So–and it pains me to admit this as a feminist and sort-of pinko commie–but I am big fan of What Not To Wear on TLC. I prefer the ones where they make over a single mom who stopped caring about her looks or someone who gained weight or lost weight and never learned how to look hot in their new body to the ones where they take a young person who has a personal style and force them to abandon it, but I will watch them all. Often when someone says something like “People shouldn’t care about how I dress, they should focus on my talents at my job,” and Clinton and Stacy always respond “Yeah, in a perfect world that would be true, but in this one, it’s not, so buy a free suit!” I think a lot of the show’s more strident critics miss that, it’s about learning to work within the system, not about what a failure you are for not doing so. There’s a very realpolitik edge to the whole thing.

But, it’s also corporate entertainment’s dream show, because it literally is about training people to be good consumers. The hosts give the participants shopping lessons. It is pretty unsubtle about framing it as a woman’s duty to know how to shop well, even if it’s hard work.

But that’s not what I want to talk about, I want to talk about the new show that’s running with it on Friday nights and Saturday mornings, Say Yes To The Dress. The show is basically a reality show about the day-to-day workings of Kleinfeld’s, which is a big fancy bridal salon. It focuses on women who go to the store to buy wedding dresses, and their struggles to find the perfect dress. Because it’s a half-hour show and it usually focuses on more than one bride, each one basically gets a story like this: “bride comes in, tries on a few dresses, eventually finds the one she wants.” The screen shows the designer, style, and cost of the dress. Sometimes it is intermingled with a story about someone having difficulties with alterations, but mainly it’s a giant ad for the store, combined with this weird fairy-tale narrative. Every episode basically has a woman saying, “..and then I put on the dress and I just started crying. I just knew it was the one.” Buying a wedding dress is a lot like falling in love, if falling in love cost thousands upon thousands of dollars. That’s basically the message of the show, that your wedding dress isn’t just a dress, it’s this magical thing that you have been dreaming about since you were a small child1, and they want to feel like a princess on their wedding day. It’s totally fascinating to watch (also: a lot of wedding dresses are really ugly and overpriced), but it’s just so bizarre, this narrative. You’d never see a show about dudes falling in love with their wedding tuxes.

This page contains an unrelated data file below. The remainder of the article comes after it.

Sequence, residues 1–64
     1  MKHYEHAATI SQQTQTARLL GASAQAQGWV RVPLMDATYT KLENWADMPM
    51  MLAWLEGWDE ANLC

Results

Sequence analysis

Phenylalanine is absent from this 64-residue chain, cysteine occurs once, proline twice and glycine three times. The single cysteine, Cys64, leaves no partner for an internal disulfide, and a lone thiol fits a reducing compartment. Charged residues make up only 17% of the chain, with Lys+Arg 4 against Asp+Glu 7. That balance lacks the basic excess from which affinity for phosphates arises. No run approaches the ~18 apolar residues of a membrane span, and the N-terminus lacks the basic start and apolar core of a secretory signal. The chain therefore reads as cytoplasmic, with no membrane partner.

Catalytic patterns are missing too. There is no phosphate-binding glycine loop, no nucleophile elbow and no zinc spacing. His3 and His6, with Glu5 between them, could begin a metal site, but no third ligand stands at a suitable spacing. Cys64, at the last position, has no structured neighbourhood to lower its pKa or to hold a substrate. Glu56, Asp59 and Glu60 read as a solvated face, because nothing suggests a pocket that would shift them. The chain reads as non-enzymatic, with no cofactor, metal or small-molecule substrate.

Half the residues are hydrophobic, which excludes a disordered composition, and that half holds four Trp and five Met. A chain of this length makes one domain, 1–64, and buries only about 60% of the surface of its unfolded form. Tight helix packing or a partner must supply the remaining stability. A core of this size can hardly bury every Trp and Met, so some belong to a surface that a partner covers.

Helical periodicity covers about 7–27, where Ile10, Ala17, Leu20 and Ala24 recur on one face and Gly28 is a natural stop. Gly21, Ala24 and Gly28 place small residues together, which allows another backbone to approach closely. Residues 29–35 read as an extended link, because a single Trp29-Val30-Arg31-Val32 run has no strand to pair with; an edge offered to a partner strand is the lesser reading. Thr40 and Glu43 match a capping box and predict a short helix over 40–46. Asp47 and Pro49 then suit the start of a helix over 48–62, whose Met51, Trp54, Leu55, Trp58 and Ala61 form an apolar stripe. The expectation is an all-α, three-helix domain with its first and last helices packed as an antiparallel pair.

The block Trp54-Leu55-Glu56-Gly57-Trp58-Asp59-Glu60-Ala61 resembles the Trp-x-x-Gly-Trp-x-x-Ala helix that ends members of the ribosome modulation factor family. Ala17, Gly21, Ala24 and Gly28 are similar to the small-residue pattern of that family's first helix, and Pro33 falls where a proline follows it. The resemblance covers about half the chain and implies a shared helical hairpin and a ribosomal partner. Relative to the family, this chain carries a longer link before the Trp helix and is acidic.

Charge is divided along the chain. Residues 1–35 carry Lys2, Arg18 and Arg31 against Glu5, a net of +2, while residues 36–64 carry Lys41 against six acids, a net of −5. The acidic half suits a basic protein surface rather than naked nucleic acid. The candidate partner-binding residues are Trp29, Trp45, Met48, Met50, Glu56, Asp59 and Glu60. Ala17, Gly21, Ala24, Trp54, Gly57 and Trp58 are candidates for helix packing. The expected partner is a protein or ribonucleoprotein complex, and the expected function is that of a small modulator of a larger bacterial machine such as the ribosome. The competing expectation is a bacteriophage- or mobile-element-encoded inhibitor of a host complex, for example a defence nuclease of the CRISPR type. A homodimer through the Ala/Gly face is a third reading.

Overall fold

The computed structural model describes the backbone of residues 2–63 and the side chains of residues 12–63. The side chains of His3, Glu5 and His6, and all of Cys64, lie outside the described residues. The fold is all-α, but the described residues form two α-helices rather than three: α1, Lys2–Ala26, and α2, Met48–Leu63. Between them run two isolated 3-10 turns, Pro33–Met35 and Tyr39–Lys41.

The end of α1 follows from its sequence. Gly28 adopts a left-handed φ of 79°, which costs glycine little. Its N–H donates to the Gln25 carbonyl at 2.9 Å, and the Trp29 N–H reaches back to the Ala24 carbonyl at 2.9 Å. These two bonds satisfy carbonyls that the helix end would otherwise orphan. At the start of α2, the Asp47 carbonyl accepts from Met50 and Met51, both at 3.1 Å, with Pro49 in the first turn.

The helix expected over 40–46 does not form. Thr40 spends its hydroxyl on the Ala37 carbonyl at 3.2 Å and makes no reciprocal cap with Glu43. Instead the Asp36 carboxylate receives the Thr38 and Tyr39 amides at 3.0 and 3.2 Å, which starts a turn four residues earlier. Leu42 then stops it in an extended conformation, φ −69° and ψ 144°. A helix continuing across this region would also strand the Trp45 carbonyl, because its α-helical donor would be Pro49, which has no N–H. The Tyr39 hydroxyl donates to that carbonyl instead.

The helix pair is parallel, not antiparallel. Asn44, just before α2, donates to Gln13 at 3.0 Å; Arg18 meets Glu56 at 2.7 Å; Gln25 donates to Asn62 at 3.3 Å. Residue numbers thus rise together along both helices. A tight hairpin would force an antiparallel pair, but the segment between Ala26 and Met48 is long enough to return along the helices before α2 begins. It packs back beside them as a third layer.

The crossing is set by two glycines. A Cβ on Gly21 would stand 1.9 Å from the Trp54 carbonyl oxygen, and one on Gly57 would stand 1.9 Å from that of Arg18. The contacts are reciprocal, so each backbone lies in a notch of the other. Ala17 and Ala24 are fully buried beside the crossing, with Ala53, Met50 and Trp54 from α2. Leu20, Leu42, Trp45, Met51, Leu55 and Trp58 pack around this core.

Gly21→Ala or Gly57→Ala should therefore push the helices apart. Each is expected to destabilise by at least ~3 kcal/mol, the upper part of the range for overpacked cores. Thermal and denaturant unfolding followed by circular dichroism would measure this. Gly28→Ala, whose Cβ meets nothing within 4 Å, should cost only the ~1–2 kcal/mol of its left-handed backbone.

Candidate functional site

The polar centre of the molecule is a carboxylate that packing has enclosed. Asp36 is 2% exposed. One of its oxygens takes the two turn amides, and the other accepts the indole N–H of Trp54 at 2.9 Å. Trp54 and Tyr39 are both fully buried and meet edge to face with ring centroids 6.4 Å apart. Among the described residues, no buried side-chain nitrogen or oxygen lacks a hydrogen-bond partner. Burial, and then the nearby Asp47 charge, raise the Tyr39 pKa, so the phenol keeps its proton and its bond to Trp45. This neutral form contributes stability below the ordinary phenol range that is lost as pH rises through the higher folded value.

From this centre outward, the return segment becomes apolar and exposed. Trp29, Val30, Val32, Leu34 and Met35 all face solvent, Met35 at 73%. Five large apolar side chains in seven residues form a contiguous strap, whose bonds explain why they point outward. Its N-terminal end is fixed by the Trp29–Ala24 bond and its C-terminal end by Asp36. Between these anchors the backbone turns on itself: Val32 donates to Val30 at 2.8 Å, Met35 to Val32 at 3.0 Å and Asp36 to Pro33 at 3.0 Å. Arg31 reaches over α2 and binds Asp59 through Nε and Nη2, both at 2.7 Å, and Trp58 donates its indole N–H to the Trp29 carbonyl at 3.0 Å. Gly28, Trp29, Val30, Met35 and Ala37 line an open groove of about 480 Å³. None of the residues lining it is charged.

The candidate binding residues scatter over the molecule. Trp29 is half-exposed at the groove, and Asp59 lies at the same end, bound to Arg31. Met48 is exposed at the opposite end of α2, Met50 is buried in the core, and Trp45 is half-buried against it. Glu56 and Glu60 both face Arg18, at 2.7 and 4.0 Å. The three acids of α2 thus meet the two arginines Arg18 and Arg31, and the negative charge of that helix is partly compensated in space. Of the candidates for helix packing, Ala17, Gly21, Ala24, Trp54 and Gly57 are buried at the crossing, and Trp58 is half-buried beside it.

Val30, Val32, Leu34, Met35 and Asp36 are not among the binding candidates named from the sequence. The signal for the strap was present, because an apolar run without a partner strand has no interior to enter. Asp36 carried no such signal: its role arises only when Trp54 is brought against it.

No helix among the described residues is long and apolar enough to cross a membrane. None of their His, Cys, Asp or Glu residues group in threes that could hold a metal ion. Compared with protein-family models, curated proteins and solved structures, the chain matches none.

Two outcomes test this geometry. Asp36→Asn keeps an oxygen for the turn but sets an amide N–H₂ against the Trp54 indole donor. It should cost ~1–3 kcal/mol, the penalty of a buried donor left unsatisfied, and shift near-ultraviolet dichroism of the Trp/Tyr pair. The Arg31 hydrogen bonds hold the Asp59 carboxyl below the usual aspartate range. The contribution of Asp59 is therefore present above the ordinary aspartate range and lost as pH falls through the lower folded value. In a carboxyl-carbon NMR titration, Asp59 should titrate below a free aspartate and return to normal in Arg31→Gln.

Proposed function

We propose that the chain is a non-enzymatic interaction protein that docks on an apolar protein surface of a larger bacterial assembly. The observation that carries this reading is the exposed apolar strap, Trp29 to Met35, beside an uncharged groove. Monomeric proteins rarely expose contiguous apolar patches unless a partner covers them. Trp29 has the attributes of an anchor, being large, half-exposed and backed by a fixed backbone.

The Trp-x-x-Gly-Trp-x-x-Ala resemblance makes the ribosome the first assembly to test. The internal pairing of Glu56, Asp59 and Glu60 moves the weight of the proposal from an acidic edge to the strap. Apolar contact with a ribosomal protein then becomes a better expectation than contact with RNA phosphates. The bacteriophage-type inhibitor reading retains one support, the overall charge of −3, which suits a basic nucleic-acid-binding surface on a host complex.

1 The women on this show always say this, and while I did fantasize about one of the New Kids on the Block being my boyfriend when I was a small child, I don’t remember ever daydreaming about the perfect wedding. I don’t know anyone who did this. I’m sure some women do — and I would imagine they are the same population who frequent fancy bridal shops — but seriously, I die a little inside every time I hear the phrase “Every girl dreams about the perfect wedding.”